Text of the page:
• Broken promises: The Daily Beast’s Amy Zimmerman explores what has changed, and what hasn’t, over the past year. “Big-name journalists chased stories that previously would have been left to the gossip blogs. Was this worthwhile, important journalism? Of course,” she writes. “Has it helped the survivors who risked everything coming forward, or had any tangible effect on the systems that facilitated and protected their abusers? Well, that depends on who you ask, and how closely you listen.”
  • The view from Hollywood: The LA Times’s Josh Rottenberg and Ryan Faughnder look at the impact of #MeToo on the entertainment industry. “A year after news broke of accusations of sexual harassment and assault against film mogul Harvey Weinstein, the aftershocks reverberate across the industry, from movie sets to casting sessions, TV writing rooms to executive boardrooms,” they write.
  • Beyond the big names: A $22 million legal defense fund is helping women hire top-notch lawyers “to pursue #MeToo-style sex harassment cases that they otherwise couldn’t have afforded,” reports David Crary of the AP. “In its early phases, the #MeToo movement was epitomized by professional women from the worlds of movie-making, media and politics who spoke out about sexual harassment. One year after its birth, as the movement remains vibrant, there are ever-growing resources to help financially struggling women, including many from low-wage workplaces, litigate their complaints,” he writes.

 

Other notable stories:

  • The Washington Post Editorial Board is urging senators to vote down Brett Kavanaugh’s nomination, the first time the board has done so since Robert Bork was up for a vote in 1987. Kavanaugh, meanwhile, wrote an op-ed for The Wall Street Journal reiterating his denials of the allegations levied by Christine Blasey Ford and allowing that his “tone was sharp,” and he “said a few things I should not have said.”
  • As part of CJR’s series of reports from across the country leading up to the midterm elections, Sarah Smarsh checks in from Kansas, where Secretary of State and Republican gubernatorial candidate Kris Kobach “has wreaked havoc on the voting process, making Kansas the unfortunate epicenter of a national voter-suppression crisis.”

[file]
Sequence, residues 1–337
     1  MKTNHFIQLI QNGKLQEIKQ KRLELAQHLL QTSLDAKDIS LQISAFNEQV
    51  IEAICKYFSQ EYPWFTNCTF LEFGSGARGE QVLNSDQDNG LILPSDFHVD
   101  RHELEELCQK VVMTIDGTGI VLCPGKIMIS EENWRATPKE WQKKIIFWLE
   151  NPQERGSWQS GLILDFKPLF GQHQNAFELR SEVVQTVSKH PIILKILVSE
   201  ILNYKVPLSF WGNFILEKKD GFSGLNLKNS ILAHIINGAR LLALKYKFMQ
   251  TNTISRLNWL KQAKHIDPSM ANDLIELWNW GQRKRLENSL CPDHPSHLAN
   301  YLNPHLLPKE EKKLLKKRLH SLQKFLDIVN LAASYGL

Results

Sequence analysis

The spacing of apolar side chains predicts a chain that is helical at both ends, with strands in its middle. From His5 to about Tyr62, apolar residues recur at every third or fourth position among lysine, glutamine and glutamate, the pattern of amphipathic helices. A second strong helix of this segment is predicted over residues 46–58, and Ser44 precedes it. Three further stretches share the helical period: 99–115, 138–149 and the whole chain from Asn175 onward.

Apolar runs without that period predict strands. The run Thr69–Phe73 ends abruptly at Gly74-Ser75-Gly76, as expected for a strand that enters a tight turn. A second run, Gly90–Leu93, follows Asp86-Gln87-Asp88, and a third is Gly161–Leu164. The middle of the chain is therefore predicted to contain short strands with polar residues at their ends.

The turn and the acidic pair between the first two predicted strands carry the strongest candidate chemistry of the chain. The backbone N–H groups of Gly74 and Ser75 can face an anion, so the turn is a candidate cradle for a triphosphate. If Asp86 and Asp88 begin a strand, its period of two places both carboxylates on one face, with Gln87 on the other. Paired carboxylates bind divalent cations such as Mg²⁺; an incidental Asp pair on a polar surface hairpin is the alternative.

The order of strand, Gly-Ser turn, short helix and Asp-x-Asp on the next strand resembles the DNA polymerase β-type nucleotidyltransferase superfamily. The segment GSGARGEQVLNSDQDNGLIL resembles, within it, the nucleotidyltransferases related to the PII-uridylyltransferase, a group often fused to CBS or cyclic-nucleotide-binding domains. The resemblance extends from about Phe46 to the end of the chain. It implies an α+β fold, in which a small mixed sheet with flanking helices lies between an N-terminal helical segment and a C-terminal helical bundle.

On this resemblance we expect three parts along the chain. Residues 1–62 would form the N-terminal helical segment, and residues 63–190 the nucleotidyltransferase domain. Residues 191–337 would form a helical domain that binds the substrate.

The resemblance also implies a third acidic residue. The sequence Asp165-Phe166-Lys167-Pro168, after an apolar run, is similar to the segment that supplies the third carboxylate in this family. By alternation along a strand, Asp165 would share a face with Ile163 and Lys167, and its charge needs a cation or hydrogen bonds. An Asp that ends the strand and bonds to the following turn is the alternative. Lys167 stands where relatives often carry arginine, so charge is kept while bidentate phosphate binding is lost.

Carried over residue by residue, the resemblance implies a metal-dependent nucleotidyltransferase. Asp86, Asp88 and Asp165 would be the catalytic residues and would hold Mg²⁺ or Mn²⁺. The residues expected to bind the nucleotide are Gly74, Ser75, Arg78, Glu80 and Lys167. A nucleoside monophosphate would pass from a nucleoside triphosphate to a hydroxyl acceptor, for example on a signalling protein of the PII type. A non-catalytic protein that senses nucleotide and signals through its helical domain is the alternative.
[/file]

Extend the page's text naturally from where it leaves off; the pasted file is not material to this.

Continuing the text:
• Ken Ward Jr. of the Charleston Gazette-Mail was awarded a MacArthur Fellowship for “revealing the human and environmental toll of natural resource extraction in West Virginia and spurring greater accountability among public and private stakeholders.” The veteran investigative reporter receives a total award of $625,000 over five years.
  • Julia Turner, editor-in-chief of Slate since 2014, has been named deputy managing editor responsible for Arts and Entertainment coverage at the Los Angeles Times. Her departure from Slate follows closely on the heels of Jacob Weisberg, the chairman and editor in chief of the Slate Group, leaving to start an audio venture.
  • Pulitzer Prize-winning sportswriter Dave Anderson, a longtime columnist for The New York Times, has died at 89. “My heroes were sportswriters,” Anderson said in 2014, and over four decades at the Times, he earned his place among the best of them.
  • The Washington Post’s Margaret Sullivan laments the gaslighting of America by President Trump and Sarah Sanders. “Predictable as all of this is, it’s deeply disturbing. Or it ought to be,” she writes. “But it’s hard to maintain a sense of outrage, or certainty, when the lies and obfuscation just keep coming. The sheer exhaustion—understandable as it is—might be the most dangerous problem of all.”

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Pete Vernon is a CJR staff writer. Follow him on Twitter @ByPeteVernon.